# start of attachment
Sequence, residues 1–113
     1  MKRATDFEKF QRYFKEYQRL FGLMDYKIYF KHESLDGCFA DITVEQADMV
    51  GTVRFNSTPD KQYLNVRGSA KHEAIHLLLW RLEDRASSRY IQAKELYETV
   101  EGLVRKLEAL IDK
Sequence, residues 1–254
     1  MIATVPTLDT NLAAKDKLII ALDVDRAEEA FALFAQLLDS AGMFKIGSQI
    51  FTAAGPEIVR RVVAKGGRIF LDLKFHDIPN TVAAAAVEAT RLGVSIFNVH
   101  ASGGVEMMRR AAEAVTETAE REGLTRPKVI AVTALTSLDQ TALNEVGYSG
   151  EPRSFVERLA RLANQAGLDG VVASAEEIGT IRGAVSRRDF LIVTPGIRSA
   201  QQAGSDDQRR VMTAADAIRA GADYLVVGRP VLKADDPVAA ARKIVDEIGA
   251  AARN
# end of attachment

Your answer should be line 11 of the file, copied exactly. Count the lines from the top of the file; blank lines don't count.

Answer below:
   251  AARN